Volume 5, Issue 2 (Scientific Journal of Hamadan University of Medical Sciences-Spring & Summer 1998)                   Avicenna J Clin Med 1998, 5(2): 0-0 | Back to browse issues page

XML Persian Abstract Print

Download citation:
BibTeX | RIS | EndNote | Medlars | ProCite | Reference Manager | RefWorks
Send citation to:

Sarihi A, Motamedi F, Naghdi N, Rashidi-Pour A. The Effects of Citalopram, a 5-HT Re-Uptake Inhibitor, on Passive Avoidance Learning Task in Rat. Avicenna J Clin Med 1998; 5 (2)
URL: http://sjh.umsha.ac.ir/article-1-1034-en.html
Abstract:   (6435 Views)

The role of serotonergic systems in learning processes is even more controversial: For example serotonergic lesion have been reported to facilitate, impair, or have no effect on performance in various learning tasks. There are several possible explanations for these discrepancies; different importance of  confounding activation of different learning processes, different importance of confounding factors, such as anxiety on these tasks, lack of direct effects of serotonergic systems on learning processes and modulatory effects of other neurotransmitter on this system. Therefore we decided to test the effects of citalopram on passive avoidance learning (PAL) task. The experiments were performed on male albino rats (180-220gr). Citalopram was injected interaperitoneally at doses of 0.25, 0.5, 1,2, and 4 mg/kg. Citalopram was injected 30 minutes before training, or immediately after training, or 30 minutes before retrieval test. Control groups received saline. Our results indicate that citalopram has no effect on PAL acquisition but facilitates memory consolidation and retrieval. The maximal facilitatory effect was seen at  doses of 2 mg/kg. Citalopram has no effect on motor activity. Our results suggest that 5-HT has different effects on different steps of learning memory.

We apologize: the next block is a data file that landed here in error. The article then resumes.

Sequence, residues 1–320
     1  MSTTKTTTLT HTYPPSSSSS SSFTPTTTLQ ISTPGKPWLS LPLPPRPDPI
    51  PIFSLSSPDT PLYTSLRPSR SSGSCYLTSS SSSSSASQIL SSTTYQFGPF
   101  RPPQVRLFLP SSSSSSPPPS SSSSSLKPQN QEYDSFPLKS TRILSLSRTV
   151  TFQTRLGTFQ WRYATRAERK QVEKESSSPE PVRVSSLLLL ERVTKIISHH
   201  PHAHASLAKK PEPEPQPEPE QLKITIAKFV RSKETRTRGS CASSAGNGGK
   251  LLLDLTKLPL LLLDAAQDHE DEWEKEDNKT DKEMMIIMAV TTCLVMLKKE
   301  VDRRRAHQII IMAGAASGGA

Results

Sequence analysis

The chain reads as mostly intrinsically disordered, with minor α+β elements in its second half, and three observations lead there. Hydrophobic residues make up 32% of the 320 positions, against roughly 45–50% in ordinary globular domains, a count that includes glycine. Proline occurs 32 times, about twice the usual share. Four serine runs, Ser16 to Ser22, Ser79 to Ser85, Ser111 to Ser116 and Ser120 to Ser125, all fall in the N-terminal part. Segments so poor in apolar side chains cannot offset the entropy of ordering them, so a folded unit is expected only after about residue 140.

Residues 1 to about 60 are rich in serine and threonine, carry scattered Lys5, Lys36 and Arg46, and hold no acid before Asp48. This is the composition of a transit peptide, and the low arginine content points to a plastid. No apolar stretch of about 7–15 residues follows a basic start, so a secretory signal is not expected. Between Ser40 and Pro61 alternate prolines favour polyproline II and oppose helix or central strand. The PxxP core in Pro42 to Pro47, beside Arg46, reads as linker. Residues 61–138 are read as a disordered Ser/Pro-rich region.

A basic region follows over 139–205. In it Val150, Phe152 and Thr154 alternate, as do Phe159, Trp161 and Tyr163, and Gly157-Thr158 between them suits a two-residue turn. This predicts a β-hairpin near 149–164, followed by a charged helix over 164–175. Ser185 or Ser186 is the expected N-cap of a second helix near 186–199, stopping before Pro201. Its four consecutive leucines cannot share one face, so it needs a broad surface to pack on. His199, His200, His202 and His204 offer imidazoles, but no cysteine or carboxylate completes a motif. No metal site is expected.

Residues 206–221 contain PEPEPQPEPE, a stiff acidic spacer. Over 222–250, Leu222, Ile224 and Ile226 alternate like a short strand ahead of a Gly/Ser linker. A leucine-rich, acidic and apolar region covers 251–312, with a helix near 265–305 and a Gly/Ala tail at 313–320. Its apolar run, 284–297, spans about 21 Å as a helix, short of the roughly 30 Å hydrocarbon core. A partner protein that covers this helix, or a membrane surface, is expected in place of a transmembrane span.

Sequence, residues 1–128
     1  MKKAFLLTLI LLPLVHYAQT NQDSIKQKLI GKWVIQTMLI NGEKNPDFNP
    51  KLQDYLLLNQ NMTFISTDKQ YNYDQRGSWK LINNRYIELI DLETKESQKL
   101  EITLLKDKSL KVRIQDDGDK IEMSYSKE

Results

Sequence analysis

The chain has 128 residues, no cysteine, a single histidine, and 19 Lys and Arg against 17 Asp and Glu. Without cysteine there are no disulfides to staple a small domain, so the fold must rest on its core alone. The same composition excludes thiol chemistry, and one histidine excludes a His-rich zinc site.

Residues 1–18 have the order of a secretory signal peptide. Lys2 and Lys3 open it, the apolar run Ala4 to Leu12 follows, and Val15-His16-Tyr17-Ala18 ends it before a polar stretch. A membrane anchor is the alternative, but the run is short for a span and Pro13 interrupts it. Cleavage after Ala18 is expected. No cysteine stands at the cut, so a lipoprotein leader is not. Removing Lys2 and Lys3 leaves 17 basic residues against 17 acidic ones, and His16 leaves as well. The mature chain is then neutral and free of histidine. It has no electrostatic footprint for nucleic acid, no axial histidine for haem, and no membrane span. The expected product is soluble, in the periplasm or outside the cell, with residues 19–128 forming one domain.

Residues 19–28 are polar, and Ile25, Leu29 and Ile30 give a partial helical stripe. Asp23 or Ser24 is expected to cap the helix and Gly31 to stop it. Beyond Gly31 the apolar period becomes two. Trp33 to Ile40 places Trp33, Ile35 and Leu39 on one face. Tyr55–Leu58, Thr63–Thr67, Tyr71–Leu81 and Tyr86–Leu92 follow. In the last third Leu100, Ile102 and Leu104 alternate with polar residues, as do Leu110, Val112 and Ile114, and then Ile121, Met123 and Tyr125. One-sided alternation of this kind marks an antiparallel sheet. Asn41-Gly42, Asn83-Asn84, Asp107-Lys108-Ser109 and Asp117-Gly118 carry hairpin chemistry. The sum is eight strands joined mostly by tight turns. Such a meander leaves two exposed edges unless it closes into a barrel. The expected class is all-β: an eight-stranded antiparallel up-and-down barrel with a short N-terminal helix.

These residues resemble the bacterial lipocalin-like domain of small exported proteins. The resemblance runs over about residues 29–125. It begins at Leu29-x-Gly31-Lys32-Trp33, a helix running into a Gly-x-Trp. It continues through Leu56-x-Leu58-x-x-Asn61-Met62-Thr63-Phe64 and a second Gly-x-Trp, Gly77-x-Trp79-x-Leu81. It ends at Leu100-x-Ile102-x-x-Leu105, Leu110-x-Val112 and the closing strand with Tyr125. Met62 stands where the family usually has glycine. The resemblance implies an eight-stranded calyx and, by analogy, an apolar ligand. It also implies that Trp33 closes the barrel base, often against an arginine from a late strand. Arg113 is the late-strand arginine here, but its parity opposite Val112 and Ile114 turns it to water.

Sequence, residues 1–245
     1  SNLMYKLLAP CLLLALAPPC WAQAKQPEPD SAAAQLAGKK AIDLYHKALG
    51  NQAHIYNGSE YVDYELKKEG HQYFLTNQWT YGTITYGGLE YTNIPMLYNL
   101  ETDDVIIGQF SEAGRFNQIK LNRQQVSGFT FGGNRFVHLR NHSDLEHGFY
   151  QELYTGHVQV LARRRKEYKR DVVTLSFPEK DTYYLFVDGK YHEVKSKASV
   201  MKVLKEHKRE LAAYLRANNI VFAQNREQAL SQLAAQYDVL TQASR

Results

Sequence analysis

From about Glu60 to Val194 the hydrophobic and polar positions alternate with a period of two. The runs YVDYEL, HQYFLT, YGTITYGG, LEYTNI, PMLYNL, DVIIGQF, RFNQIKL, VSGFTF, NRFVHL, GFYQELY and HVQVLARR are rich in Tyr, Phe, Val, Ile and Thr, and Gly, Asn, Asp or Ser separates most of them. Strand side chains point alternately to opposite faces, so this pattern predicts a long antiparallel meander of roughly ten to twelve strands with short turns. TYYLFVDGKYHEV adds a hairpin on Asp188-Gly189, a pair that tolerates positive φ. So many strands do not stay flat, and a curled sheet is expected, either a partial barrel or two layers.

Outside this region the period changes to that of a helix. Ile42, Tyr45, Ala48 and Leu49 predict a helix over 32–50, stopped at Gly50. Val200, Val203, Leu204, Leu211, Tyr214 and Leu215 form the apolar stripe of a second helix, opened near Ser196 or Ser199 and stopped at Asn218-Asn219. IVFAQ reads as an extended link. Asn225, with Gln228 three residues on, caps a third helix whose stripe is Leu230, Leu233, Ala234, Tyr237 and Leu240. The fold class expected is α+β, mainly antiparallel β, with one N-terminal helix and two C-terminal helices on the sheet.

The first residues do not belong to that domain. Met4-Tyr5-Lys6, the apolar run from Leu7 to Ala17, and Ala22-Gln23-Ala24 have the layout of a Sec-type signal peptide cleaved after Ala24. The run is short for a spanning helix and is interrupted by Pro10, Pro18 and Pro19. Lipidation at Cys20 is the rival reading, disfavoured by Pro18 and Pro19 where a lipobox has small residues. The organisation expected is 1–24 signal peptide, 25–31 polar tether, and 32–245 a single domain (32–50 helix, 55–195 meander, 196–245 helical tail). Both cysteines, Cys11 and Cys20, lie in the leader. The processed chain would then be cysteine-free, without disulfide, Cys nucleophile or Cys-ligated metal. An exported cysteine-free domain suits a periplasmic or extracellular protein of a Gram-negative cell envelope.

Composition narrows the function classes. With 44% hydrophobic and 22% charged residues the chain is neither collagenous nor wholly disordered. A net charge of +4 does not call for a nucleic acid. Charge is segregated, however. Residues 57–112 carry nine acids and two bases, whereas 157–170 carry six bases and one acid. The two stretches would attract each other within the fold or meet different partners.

Type of Study: Original | Subject: Other Clinical Specialties

Add your comments about this article : Your username or Email:

Rights and permissions
Creative Commons License This work is licensed under a Creative Commons Attribution-NonCommercial 4.0 International License.

© 2024 CC BY-NC 4.0 | Avicenna Journal of Clinical Medicine

Designed & Developed by : Yektaweb